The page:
The Secrets of Chinese Astrology
By Derek Walters

Yin and Yang

The Yin and Yang theory of opposites, despite being a concept more than three thousand years ago, is actually the principle on which all modern physics is founded.

Everything, whether, material or abstract, has an opposite. If it didn’t, it wouldn’t exist. More than two thousand years ago the philosopher Lao Tse used a cup to illustrate the principle: the material of the cup was Yang, the inside of it Yin. Although there was nothing inside the cup but space, if the space wasn’t there it would have no use as a cup.

The terms Yang and Yin originally referred to the sunny and shaded sides of a hill. Because in ancient times men worked in the fields, in the sun, and the women indoors, in the shade, the terms also came to mean male and female. The expression has expanded to mean all kinds of energy: physical, biological, and emotional Yang is outgoing, Yin is receptive. They are equivalent terms to positive and negative, or plus and minus, but without any connections to good and bad.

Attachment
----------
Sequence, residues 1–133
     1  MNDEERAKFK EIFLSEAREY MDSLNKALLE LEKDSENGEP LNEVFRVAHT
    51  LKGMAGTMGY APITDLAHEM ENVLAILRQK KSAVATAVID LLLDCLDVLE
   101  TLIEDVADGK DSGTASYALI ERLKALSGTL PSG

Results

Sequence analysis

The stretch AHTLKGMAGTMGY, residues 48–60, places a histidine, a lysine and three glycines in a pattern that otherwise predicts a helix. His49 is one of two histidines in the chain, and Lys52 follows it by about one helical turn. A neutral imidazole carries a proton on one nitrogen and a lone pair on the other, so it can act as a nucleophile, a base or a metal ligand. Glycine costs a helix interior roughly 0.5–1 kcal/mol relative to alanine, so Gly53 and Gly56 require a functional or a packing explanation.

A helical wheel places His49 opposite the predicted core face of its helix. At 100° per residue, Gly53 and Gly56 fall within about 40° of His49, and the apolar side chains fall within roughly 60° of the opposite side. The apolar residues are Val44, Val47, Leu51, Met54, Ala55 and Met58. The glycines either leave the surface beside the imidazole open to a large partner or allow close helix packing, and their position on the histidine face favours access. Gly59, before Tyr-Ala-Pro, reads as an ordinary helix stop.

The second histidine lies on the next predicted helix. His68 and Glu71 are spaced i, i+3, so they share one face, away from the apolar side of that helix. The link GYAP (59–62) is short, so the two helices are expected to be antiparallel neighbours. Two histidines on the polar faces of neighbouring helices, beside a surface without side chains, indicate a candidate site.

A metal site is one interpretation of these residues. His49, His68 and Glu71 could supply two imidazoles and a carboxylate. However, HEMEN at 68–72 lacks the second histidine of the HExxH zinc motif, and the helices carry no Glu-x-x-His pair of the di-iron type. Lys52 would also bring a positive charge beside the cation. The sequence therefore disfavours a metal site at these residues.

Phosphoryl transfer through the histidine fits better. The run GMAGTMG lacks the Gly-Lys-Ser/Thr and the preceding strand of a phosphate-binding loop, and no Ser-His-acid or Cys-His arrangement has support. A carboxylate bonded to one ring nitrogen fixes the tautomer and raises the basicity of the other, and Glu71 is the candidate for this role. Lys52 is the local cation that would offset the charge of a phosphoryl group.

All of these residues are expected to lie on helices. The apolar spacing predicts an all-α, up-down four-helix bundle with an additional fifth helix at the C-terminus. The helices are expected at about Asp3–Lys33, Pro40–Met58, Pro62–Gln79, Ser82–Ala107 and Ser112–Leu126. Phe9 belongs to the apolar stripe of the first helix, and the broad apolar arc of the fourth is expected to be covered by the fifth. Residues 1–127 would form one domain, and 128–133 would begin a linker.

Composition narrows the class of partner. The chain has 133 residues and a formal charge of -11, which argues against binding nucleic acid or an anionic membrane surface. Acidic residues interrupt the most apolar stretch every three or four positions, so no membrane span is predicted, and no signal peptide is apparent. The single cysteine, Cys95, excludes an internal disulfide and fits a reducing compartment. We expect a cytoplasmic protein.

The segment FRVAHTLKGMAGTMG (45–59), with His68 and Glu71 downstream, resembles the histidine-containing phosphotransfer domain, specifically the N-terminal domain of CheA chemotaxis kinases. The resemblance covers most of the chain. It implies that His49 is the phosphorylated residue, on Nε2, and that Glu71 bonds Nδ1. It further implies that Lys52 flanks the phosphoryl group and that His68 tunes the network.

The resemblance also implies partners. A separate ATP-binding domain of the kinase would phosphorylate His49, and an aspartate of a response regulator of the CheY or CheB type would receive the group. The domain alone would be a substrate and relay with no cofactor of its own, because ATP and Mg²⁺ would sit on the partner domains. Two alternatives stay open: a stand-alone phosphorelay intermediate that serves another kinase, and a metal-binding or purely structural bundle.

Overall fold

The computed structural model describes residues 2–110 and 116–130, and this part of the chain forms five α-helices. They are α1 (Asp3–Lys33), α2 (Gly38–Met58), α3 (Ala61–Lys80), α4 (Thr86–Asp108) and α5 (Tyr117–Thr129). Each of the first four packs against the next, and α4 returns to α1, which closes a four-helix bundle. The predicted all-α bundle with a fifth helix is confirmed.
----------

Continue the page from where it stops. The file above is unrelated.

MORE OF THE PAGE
When examining a horoscope chart, a Chinese astrologer likes to see a good balance of Yang and Yin in the signs, in the same way that a Chinese doctor identifies various ailments as the result of an imbalance of Yang and Yin.

The term Great Yang is still used in modern Chinese to mean the Sun itself, while the Moon, less commonly, is referred to as the Great Yin. Thus the standard calendar based on the seasons is known as the Yang calendar, while the Chinese calendar based on the Moon is usually called the Yin calendar.

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